Key Pediatric Clinical Practice Guidelines in 2017

John Anello; Brian Feinberg; John Heinegg; Yonah Korngold; Richard Lindsey; Cristina Wojdylo; Olivia Wong, DO


January 10, 2018

In This Article

Pediatric Obesity Stigma

American Academy of Pediatrics and the Obesity Society

Role Modeling

It is important for pediatricians and pediatric health care professionals to demonstrate and model professional behavior with colleagues, staff, and trainees that is supportive and nonbiased toward children and families with obesity. These efforts should include the recognition and acknowledgment of the complex etiology of obesity, including genetic and socioeconomic factors, environmental contributors, community assets, family and cultural traditions, and individual choices. This recognition can help dispel common assumptions and stereotypes that place blame and judgment solely on individuals for having excess weight or difficulties achieving weight loss.

Language and Word Choice

It is important for pediatricians and pediatric health care professionals to use appropriate, sensitive, and nonstigmatizing language in communication about weight with youth, families, and other members of the pediatric health care team. Words can heal or harm, intentionally and unintentionally. Recent evidence shows that neutral words like "weight" and "body mass index" are preferred by adolescents with overweight and obesity, whereas terms like "obese," "extremely obese," "fat," or "weight problem" induce feelings of sadness, embarrassment, and shame if parents use these words to describe their children's body weight. Furthermore, using people-first language is one step to help reduce the use of potentially stigmatizing language, and it is now emerging as the preferred standard with obesity as well as other diseases and disabilities. People-first language places the individual first before the medical condition or disability and involves using phrases such as "a child with obesity" rather than an "obese child."

Clinical Documentation

Obesity is a medical diagnosis with real health consequences, so it is important for children and families to understand the current and future health risks associated with the degree to which a patient weighs more than what is healthy. However, this should be addressed with a balanced and empathetic approach, so that the information is conveyed and understood in a sensitive and supportive manner. Using more neutral terms, such as "unhealthy weight" and "very unhealthy weight," both in clinical notes and when speaking to patients and family members, can assist in these efforts. Electronic health records and medical coding nomenclature could consider using the terms "unhealthy weight" and "very unhealthy weight" instead of "obesity" and "morbid obesity" in problem lists to further support the use of patient-sensitive language during clinical encounters.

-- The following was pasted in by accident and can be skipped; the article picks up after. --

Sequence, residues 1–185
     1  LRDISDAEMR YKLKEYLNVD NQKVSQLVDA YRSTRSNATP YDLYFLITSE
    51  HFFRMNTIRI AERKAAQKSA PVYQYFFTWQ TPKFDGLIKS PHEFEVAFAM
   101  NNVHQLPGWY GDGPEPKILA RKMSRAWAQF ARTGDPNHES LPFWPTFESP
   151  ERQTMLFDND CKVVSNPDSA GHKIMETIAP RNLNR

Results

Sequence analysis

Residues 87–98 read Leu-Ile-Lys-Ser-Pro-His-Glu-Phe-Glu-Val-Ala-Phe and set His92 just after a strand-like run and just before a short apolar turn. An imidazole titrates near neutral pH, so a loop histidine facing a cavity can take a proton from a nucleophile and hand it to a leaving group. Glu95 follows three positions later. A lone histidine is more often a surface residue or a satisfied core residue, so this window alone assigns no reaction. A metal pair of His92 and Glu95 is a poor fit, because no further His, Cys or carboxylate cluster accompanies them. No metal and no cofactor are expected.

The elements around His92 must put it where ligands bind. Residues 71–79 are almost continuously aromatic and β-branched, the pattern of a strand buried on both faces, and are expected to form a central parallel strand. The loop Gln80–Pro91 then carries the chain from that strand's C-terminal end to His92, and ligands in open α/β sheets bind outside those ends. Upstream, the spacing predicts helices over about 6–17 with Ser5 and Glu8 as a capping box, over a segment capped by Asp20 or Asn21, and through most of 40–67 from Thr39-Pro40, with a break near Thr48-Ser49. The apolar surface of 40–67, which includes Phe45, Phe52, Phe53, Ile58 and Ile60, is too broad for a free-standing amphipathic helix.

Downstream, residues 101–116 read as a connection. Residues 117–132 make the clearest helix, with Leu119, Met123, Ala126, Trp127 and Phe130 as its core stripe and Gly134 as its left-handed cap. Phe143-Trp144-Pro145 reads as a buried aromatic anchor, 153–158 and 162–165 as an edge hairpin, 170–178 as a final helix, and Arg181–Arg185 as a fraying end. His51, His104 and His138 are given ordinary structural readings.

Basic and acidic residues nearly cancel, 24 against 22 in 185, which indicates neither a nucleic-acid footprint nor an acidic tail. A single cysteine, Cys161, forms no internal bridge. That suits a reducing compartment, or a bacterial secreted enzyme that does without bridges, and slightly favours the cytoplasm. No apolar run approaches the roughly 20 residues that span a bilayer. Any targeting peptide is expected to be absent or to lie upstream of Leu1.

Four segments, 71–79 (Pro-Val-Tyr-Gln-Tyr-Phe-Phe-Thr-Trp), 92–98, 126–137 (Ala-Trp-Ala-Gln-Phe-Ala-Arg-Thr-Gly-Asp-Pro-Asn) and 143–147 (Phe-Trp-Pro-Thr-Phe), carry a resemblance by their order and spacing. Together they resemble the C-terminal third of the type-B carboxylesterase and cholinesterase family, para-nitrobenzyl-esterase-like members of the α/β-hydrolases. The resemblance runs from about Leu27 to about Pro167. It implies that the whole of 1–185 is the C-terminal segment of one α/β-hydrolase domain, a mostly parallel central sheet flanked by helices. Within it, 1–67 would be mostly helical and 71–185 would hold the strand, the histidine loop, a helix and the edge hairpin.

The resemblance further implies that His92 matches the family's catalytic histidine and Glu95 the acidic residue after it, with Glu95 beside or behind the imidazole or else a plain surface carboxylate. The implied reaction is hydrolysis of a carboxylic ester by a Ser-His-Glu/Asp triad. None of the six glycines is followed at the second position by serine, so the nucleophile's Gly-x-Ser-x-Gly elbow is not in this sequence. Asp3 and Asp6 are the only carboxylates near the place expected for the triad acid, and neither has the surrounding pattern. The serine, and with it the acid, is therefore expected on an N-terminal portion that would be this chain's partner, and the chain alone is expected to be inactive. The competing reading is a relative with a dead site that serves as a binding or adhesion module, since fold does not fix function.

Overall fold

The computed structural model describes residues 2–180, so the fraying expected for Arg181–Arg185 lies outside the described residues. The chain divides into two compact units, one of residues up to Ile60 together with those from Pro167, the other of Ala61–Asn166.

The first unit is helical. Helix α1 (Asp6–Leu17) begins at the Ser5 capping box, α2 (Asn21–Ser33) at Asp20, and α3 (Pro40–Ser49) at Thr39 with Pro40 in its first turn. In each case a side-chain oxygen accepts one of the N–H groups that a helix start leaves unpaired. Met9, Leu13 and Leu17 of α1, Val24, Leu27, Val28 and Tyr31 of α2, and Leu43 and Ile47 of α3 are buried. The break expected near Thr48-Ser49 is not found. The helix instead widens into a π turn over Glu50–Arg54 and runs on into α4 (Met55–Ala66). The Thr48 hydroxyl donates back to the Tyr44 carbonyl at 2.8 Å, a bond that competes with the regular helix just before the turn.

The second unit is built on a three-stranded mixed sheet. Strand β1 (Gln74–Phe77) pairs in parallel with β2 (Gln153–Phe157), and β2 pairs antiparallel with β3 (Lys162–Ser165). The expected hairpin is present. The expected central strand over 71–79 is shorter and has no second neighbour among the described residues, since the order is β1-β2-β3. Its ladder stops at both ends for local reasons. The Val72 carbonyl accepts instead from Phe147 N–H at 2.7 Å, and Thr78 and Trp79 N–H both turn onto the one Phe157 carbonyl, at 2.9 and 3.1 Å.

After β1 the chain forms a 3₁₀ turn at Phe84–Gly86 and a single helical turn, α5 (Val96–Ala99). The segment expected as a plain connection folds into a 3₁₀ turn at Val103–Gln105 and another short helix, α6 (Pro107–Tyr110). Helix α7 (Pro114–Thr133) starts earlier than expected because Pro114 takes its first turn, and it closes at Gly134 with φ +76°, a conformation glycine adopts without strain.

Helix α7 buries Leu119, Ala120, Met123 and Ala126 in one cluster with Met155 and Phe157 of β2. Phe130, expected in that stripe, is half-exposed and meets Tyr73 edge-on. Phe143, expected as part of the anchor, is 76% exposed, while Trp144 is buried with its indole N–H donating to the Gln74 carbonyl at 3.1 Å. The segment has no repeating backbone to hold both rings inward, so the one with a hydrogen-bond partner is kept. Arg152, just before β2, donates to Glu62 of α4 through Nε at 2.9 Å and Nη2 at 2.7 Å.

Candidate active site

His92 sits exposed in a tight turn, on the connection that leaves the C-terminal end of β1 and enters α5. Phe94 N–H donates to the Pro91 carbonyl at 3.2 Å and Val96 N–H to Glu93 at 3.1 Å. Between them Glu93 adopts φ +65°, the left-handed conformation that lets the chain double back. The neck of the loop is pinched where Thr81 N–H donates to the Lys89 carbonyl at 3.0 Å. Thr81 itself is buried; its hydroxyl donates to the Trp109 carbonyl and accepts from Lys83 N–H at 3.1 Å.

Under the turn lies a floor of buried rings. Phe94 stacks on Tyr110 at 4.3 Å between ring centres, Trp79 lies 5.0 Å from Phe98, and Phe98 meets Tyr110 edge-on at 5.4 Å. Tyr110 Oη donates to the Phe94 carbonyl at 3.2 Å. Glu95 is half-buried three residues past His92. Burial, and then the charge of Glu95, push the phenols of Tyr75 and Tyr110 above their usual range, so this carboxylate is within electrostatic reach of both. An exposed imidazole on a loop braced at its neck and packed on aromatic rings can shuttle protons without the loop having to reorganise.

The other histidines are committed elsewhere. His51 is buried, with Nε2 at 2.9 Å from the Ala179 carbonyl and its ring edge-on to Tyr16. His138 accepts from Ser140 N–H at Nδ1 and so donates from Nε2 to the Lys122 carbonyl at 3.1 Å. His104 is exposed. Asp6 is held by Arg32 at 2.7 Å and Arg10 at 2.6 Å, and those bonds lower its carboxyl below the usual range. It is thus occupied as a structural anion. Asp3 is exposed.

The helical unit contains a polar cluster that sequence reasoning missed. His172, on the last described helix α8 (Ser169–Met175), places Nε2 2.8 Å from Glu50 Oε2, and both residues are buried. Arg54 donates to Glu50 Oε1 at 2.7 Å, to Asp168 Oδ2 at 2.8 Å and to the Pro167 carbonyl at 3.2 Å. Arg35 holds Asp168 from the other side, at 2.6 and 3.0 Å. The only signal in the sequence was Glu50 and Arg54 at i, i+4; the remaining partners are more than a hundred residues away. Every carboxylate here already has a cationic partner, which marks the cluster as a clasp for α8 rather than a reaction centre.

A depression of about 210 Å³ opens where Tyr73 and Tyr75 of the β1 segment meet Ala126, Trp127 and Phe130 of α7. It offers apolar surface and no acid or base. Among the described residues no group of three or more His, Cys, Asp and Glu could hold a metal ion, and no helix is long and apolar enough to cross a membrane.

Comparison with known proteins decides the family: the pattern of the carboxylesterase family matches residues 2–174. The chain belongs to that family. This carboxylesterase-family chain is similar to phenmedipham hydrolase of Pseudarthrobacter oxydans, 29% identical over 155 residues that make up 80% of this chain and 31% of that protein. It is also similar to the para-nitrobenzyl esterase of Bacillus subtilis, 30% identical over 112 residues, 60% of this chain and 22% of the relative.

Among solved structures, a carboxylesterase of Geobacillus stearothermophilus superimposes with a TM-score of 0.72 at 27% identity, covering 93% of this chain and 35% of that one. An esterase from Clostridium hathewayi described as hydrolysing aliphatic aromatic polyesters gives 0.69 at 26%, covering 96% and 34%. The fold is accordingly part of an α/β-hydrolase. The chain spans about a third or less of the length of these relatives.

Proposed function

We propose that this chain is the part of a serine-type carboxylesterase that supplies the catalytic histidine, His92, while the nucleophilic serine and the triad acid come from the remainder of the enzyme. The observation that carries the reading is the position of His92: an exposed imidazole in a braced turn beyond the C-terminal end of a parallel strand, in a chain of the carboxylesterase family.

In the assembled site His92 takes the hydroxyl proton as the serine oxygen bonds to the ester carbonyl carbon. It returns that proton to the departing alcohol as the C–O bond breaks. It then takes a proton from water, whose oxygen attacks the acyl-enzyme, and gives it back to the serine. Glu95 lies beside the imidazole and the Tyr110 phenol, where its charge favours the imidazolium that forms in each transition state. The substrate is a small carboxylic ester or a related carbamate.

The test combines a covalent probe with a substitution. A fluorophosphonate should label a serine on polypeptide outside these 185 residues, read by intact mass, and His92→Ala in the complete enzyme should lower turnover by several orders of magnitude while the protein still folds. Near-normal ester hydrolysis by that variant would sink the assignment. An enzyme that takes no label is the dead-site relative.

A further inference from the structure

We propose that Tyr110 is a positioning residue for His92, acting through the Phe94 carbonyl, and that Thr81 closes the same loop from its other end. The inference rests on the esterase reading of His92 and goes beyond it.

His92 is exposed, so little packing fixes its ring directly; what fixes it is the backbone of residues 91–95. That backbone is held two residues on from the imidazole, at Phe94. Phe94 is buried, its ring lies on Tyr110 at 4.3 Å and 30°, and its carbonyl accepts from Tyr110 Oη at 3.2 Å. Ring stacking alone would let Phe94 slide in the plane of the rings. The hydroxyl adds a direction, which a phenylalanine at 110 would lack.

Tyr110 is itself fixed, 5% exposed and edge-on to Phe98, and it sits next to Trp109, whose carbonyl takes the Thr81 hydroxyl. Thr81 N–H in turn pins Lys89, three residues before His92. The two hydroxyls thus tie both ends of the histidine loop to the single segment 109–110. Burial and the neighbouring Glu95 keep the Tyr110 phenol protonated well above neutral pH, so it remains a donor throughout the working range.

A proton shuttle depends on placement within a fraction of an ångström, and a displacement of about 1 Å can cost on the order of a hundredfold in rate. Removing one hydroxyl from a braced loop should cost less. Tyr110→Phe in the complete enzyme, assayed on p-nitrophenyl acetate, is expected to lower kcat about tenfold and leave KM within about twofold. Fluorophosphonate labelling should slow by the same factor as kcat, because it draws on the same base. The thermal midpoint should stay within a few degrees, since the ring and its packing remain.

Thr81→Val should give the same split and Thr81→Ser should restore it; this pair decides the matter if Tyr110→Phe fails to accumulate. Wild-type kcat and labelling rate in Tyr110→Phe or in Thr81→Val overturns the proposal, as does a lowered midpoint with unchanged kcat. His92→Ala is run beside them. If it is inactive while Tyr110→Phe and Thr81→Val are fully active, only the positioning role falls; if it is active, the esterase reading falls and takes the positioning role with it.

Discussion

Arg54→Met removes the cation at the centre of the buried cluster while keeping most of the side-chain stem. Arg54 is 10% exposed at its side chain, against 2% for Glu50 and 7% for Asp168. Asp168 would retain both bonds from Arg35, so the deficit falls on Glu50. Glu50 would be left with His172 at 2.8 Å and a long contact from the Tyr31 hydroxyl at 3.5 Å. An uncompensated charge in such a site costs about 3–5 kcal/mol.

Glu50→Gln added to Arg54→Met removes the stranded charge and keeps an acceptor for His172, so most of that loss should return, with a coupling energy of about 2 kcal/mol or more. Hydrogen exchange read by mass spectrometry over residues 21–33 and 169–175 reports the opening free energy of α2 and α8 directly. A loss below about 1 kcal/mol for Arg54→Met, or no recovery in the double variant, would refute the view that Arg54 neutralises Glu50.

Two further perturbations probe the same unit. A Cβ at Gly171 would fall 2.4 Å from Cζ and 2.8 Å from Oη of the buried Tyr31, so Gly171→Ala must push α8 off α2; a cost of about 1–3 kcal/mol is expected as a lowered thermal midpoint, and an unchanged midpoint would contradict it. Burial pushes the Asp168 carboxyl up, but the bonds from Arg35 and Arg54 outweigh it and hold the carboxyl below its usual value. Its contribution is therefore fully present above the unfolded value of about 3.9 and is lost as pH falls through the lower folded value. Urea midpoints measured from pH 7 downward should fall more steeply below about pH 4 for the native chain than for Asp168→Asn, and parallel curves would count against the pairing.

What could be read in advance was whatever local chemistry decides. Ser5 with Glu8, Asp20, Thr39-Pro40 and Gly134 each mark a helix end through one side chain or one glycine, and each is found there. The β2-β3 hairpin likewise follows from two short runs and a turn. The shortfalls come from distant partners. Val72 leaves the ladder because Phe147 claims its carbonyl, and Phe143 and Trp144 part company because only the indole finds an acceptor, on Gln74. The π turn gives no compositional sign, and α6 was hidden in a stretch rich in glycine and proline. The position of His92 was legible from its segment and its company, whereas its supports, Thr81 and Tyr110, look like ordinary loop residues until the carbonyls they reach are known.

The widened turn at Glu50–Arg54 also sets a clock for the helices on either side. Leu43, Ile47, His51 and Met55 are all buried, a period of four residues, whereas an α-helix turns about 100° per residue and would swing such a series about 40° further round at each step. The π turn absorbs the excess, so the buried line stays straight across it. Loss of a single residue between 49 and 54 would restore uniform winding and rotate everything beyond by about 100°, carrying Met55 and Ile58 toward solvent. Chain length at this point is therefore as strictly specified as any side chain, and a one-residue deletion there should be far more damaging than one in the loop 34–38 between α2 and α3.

Behavior Change Counseling

Beyond specific word choice, it is recommended that patient-centered, empathetic behavior change approaches, such as motivational interviewing, be used as a framework to support patients and families in making healthy changes. Through motivational interviewing, health care professionals collaboratively engage the patient and/or parents in determining their goals and addressing barriers to how they will achieve sustained health behavior change.

Clinical Environment

Pediatricians should create a safe, welcoming, and nonstigmatizing clinic space for youth with obesity and their families. This requires creating a supportive practice setting that accommodates patients of diverse body sizes, from the clinic entrance to the examination room.

Behavioral Health Screening

Addressing weight stigma in clinical practice also necessitates that pediatricians assess patients not only for physical but also for emotional comorbidities and negative exposures associated with obesity, including bullying, low self-esteem, poor school performance, depression, and anxiety. These are often overlooked but can be signs that a child is experiencing weight-based bullying.


It is important for pediatricians and pediatric health care professionals to work to empower families and patients to manage and address weight stigma in schools, communities, and their homes. Pediatricians can encourage parents of patients to actively inquire with their children's teachers and school administrative staff to ensure that plans are in place to address weight-based victimization in their institutions. Parents should also be asked to consider potential weight stigma at home, of which friends and family members can be sources. Finally, because the rates of obesity are higher in communities that are socioeconomically challenged and in communities of color, additional stigma attributable to race, socioeconomics, and sex could further compound the weight stigma experienced by some individuals, families, and communities.



Comments on Medscape are moderated and should be professional in tone and on topic. You must declare any conflicts of interest related to your comments and responses. Please see our Commenting Guide for further information. We reserve the right to remove posts at our sole discretion.
Post as: